I was familiar with similar work using only positive integers (which of course makes the problem amenable to brute force approaches up to fairly large numbers), but I hadn't heard of this particular problem. I'm curious what practical implications (or applications) the knowledge (or proof of non-existence) for a some particular number has.
The goal (of a small number of mathematicians interested in that sort of problem) is to prove the hypothesis that all integers (except those congruent to 4 or 5 mod 9) can be written as a sum of three integer cubes. So in that sense this particular result has no value at all in achieving that goal. It might seem that it increases the probability of the hypothesis being true, but it really doesn't because it just demonstrates that one of an infinite number of integers satisfies the hypothesis.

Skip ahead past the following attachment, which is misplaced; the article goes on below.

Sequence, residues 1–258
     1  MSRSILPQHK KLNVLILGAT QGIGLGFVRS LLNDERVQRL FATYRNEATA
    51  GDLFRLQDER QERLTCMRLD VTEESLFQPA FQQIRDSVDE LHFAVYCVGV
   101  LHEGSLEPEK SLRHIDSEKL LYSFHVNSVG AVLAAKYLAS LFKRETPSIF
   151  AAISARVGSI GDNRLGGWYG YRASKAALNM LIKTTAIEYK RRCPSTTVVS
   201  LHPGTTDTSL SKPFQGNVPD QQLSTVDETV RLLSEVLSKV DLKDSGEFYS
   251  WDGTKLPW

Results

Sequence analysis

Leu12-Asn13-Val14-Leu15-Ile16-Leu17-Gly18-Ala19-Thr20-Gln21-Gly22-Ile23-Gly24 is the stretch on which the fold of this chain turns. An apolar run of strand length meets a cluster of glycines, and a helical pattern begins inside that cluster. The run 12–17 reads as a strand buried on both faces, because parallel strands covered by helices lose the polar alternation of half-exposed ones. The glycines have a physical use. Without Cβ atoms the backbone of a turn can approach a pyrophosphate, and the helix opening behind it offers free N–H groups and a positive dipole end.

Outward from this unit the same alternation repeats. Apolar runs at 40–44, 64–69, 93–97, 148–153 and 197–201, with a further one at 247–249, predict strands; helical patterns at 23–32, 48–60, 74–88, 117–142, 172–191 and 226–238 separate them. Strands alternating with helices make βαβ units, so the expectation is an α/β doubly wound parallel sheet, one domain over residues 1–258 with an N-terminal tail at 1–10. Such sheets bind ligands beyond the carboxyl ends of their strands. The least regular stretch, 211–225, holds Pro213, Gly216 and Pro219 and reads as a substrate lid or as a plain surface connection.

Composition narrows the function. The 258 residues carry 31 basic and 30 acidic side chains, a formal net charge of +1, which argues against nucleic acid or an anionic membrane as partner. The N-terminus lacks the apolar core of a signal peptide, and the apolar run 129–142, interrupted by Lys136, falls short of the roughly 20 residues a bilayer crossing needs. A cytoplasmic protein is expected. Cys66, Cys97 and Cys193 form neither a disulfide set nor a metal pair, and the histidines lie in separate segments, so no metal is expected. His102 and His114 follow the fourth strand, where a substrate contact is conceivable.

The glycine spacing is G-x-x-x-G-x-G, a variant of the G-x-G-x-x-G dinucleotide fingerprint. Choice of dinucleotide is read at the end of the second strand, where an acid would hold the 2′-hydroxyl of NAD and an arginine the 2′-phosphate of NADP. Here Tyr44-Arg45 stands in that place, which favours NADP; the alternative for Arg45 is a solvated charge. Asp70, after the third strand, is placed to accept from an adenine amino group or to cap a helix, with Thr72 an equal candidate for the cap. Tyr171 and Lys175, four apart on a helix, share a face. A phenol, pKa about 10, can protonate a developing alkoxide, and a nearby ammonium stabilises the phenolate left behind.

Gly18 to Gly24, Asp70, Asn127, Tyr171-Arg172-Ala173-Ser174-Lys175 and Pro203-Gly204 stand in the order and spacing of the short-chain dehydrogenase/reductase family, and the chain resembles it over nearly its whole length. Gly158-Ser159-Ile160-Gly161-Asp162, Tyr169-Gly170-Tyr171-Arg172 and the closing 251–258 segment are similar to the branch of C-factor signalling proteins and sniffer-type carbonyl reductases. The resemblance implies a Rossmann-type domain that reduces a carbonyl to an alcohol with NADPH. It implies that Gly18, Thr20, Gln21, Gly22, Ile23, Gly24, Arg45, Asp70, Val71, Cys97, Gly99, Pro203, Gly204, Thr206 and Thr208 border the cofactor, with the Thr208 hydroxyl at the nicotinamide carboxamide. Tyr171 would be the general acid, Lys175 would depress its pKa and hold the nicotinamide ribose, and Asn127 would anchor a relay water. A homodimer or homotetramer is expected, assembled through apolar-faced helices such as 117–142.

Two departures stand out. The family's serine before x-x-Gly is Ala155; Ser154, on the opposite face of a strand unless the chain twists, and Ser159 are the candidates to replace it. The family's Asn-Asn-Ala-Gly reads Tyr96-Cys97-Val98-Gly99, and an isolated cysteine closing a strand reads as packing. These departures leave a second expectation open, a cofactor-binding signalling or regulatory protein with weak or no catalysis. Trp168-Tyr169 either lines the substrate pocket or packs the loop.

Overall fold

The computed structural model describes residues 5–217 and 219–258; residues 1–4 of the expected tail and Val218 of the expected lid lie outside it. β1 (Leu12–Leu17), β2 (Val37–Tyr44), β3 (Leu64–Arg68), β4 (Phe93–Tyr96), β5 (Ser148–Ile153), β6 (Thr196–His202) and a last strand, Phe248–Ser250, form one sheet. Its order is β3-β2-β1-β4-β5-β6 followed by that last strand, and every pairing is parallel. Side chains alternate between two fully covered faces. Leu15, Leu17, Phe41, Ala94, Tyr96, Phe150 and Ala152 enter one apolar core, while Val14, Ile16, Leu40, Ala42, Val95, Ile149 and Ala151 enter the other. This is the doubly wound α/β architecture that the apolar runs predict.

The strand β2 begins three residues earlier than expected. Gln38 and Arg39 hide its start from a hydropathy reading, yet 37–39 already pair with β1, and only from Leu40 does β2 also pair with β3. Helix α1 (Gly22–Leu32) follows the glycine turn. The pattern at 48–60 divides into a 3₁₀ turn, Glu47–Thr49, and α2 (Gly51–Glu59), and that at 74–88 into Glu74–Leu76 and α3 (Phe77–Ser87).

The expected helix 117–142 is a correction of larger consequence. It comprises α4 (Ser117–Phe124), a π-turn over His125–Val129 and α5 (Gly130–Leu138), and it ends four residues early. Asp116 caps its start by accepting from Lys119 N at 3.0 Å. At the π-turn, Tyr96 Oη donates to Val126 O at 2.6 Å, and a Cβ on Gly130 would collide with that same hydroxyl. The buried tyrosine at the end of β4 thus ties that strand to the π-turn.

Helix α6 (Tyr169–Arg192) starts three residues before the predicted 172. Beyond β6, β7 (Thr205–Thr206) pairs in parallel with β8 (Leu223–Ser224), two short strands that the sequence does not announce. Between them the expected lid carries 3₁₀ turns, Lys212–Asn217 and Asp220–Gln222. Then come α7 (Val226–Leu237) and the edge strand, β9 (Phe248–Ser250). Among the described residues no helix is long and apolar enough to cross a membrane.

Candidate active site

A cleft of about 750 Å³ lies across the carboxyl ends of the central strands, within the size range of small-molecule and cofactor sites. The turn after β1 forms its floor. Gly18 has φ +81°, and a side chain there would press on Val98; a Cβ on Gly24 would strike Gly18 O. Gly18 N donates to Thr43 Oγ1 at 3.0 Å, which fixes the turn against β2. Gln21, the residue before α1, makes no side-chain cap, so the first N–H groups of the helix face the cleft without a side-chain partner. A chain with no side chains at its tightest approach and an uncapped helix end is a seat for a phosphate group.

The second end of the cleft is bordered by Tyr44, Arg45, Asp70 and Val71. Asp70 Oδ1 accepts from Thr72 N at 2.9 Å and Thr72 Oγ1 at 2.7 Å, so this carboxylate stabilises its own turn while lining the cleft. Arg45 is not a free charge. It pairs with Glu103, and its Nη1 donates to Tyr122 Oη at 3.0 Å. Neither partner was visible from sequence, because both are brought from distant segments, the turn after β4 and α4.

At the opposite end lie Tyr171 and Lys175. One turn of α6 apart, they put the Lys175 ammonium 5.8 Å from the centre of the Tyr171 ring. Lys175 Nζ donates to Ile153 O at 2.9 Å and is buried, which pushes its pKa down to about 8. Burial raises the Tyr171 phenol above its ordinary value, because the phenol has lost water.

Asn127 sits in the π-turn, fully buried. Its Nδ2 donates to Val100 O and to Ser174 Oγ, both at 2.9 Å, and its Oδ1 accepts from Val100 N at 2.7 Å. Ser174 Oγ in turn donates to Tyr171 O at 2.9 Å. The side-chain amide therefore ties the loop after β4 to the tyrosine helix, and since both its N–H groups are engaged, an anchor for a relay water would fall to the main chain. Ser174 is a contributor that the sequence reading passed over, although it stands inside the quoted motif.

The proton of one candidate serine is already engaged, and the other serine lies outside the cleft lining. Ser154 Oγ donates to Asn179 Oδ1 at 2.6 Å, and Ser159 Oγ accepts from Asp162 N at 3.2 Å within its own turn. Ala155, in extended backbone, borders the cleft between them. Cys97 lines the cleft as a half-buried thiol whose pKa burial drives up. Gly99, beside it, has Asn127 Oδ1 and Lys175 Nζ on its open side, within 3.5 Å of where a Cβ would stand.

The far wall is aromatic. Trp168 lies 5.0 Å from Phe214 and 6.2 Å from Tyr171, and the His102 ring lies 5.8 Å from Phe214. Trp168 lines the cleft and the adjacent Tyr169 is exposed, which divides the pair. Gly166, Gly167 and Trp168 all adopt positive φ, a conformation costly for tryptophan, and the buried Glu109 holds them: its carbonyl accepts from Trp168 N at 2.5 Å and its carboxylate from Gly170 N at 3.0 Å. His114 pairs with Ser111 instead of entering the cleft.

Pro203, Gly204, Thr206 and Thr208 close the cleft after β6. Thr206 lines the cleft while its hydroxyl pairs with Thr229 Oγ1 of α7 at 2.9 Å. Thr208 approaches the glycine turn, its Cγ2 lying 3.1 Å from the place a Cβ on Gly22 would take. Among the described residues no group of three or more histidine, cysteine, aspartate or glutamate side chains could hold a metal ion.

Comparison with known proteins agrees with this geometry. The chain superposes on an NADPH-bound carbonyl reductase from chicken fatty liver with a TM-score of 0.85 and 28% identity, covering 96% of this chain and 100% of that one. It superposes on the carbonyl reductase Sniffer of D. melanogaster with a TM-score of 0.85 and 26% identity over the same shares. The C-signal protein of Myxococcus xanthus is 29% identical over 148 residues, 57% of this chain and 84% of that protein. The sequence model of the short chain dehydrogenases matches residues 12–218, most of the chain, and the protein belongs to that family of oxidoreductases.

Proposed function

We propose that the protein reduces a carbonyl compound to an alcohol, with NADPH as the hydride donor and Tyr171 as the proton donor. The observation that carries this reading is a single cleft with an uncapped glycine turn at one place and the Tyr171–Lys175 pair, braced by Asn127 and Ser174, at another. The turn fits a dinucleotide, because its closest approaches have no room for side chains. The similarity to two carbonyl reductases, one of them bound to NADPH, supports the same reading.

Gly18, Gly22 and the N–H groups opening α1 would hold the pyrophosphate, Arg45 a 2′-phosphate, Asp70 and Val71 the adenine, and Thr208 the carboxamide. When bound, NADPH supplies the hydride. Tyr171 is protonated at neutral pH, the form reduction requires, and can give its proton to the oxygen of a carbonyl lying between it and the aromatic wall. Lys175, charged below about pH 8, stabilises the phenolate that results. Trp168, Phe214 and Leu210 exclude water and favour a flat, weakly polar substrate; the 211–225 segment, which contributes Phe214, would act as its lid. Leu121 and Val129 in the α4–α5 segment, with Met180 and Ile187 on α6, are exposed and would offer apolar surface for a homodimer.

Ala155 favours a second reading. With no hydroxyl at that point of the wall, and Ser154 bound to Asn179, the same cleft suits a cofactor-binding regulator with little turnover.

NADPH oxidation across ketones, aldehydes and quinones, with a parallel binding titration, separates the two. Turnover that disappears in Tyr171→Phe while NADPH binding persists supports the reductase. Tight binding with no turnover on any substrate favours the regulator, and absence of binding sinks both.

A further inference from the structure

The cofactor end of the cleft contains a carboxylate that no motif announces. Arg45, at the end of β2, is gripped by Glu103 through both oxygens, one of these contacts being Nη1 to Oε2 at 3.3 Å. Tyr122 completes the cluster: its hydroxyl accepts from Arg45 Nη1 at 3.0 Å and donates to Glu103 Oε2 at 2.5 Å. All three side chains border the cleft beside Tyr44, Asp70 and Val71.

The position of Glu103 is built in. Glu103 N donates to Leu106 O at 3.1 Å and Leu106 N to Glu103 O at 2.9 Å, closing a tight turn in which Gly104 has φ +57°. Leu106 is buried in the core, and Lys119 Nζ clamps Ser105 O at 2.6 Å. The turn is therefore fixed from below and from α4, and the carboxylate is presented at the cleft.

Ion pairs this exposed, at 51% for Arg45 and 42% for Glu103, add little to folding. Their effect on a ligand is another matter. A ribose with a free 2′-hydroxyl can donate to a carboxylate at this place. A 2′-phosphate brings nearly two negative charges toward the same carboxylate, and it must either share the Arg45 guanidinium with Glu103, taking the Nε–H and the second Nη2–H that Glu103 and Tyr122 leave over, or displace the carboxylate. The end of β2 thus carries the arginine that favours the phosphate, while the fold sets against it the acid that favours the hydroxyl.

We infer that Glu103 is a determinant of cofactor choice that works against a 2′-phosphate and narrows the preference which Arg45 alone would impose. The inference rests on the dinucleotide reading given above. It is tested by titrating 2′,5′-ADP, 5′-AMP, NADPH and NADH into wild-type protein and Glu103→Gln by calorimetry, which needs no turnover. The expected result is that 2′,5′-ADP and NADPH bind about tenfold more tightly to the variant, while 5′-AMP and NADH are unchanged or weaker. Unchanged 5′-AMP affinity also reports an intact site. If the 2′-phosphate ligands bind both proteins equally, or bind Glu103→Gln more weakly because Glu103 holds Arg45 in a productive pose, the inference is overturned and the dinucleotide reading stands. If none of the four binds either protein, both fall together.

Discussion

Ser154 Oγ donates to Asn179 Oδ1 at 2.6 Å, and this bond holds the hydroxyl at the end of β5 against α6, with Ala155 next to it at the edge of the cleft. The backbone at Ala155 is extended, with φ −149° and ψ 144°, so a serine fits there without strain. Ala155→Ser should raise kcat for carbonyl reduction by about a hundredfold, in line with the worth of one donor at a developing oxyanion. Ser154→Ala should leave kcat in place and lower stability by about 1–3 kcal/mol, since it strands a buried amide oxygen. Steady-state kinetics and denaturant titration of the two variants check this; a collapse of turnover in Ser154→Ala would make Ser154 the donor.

So it's really just a bit of fun. Finding three-cube representations of specific integers doesn't help to prove the general case unless those representations reveal some kind of pattern which mathematicians can work with.
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